Direct marketing – new legal dangers
Opt In Out
In the context of this article, direct marketing means marketing contact that has not been requested by the target, write lawyers Mike Pettit and Tim Cook.
The legal background on direct marketing is set to change. The European Directive on Privacy and Electronic Communications ("Directive") focuses on marketing by email, SMS, fax and automated calling machines ("Electronic Direct Marketing").
The requirements of the Directive must be implemented within UK law by no later than 31 October 2003. Draft implementing regulations for the UK have been published but the provisions may change in the course of the consultation process.
A key purpose of the Directive concerns the requirements for anyone engaging in Electronic Direct Marketing to obtain consent from the target and whether a target must give prior explicit consent to Electronic Direct Marketing ("opt-in") or whether allowing a target to withdraw from Electronic Direct Marketing ("opt-out") is legal.
Currently it is legal (subject to some exceptions)for a business to send Electronic Direct Marketing to targets in the UK, without that target having given explicit consent, by allowing the target to "opt-out" of future contact.
Most readers will be familiar with seeing an option to unsubscribe on marketing emails (this adapted example is taken from a marketing email that the author received this morning... "If you prefer not to receive future marketing e-mail from our business then please reply to firstname.lastname@example.org").
Revisions to the British Code of Advertising, Sales Promotion and Direct Marketing ("Code") came into effect in March 2003 and were essentially made to cover Electronic Direct Marketing.
The Code reflects the legal requirements set out in the Directive. Although the Code is self-regulated (by the advertising industry) and not enforceable in law (except in extreme circumstances), the Advertising Standards Authority can investigate complaints about a breach of the Code. Therefore it is advisable for businesses to comply with the Code generally and also in preparation for implementation of the requirements of the Directive which will be enforceable in law.
The Directive requires those engaged in Electronic Direct Marketing by email to implement an "opt-in" approach to consent before sending Electronic Direct Marketing emails to a target, except where a target's electronic contact details are obtained during the course of supplying goods/ services to that target, in which case those engaged in Electronic Direct Marketing may adopt an "opt-out" approach to consent only in respect of marketing its own identical or similar goods/ services to that target.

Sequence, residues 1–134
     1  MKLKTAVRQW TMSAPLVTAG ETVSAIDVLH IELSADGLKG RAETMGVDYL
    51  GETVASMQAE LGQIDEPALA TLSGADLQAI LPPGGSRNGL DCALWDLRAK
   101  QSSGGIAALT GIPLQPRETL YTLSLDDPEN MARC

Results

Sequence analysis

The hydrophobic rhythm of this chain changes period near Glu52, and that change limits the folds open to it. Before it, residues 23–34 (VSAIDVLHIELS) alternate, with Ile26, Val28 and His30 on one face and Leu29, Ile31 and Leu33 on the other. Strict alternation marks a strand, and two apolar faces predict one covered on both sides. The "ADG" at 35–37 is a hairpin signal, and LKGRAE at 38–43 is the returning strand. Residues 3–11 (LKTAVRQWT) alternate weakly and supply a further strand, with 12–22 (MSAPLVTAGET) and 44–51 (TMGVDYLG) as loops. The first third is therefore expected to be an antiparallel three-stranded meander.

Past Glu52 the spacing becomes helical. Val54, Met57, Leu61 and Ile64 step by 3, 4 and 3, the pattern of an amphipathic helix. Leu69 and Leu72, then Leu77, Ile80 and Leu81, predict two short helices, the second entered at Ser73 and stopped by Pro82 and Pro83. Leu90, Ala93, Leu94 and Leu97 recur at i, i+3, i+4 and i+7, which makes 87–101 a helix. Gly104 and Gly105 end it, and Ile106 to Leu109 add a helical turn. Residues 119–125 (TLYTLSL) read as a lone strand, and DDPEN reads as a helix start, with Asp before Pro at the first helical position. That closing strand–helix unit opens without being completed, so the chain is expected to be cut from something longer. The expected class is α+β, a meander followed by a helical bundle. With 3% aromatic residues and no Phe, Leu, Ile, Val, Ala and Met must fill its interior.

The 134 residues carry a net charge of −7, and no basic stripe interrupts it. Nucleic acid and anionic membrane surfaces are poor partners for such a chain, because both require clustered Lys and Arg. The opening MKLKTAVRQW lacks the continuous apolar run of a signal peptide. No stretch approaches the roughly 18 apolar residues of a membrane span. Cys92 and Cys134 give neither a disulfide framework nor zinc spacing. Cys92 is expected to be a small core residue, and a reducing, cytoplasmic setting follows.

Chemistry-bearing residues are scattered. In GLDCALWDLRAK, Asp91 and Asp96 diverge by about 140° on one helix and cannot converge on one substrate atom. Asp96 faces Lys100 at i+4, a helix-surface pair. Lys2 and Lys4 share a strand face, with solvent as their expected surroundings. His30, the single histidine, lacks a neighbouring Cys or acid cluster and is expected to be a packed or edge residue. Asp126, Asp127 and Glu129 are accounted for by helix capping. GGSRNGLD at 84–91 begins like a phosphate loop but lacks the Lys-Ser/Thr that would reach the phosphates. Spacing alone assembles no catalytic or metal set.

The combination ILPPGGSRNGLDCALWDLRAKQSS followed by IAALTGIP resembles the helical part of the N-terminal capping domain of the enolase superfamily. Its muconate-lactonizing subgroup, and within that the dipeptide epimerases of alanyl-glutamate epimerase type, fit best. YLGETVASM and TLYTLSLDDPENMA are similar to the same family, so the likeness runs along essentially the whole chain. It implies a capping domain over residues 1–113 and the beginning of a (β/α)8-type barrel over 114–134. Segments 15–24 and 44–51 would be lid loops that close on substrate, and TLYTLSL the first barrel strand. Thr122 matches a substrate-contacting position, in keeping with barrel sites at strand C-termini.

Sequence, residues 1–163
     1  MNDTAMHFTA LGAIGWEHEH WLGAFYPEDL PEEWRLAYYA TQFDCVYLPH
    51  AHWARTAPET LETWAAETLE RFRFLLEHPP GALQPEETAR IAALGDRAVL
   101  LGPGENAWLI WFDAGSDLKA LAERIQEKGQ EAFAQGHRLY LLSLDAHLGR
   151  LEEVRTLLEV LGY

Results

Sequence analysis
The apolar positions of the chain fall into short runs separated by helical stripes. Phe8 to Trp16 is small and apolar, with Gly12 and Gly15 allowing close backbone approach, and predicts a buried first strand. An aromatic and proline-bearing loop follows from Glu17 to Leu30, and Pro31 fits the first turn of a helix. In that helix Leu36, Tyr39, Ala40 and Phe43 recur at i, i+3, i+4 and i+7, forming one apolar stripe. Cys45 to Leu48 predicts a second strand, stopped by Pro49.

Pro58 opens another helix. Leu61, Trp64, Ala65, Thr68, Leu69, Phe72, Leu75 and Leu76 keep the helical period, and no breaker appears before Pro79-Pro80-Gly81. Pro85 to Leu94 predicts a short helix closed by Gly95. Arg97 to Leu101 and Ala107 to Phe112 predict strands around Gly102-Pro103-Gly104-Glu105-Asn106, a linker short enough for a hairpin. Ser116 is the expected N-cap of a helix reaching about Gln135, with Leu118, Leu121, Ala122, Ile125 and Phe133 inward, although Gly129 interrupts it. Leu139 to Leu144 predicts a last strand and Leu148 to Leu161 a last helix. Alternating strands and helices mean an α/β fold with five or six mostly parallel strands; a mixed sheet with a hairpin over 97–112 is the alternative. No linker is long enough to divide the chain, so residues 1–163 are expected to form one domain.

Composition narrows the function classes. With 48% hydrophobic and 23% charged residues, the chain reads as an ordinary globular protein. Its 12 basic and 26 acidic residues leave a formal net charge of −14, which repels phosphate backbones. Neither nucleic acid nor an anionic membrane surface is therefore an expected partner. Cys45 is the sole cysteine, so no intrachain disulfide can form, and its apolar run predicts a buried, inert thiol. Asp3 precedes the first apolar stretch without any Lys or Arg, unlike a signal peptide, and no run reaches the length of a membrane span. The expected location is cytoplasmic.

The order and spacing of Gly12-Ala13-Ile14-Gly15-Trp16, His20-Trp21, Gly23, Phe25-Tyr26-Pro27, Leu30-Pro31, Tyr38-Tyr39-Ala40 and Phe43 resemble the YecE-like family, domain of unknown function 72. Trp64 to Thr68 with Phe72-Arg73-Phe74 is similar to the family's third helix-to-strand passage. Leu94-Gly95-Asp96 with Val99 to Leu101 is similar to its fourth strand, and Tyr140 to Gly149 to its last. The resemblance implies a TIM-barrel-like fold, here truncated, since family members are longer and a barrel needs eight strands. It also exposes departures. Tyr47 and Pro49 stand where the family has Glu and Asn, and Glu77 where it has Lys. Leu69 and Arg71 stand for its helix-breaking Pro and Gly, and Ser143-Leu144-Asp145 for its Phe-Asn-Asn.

Where the "opt-out" applies, the target must be given an easy, free of charge and clear opportunity to "opt-out" both when contact details are collected, and on all future Electronic Direct Marketing.
It is contrary to the provisions of the Directive to:
(i) conceal the identity of the sender, and
(ii) fail to provide a valid return email address for opting-out.
Consent - SMS, fax and automated calling machines
The Directive requires those engaged in Electronic Direct Marketing by SMS, fax and automated calling machines to implement an "opt-in" approach to consent before sending such Electronic Direct Marketing to a target.
Consent - other means of direct marketing
For businesses wishing to market by other means of electronic communication (e.g. non-automated telephone marketing) the Directive allows the UK to determine whether or not "opt-in" is required.
The draft UK Regulations currently provide that (subject to certain exceptions) a business may not market by non-automated telephone where the target has contacted the business and exercised its right to "opt-out" or if the target is listed on an "opt-out" register.
Review your direct marketing policies now
If your business engages in Electronic Direct Marketing then its policies will need to be reviewed in the light of the current legislation and the impending changes.
If your policies are in compliance with current legislation and, in particular, the Code then implementation of the impending changes will be more painless.
© Taylor Walton 2003. All Rights Reserved
Taylor Walton supplies a comprehensive range of commercial legal services. If you would like to discuss the content of this article or any other commercial matter, please contact Mike Pettit or Tim Cook. You can also telephone on 01582 731161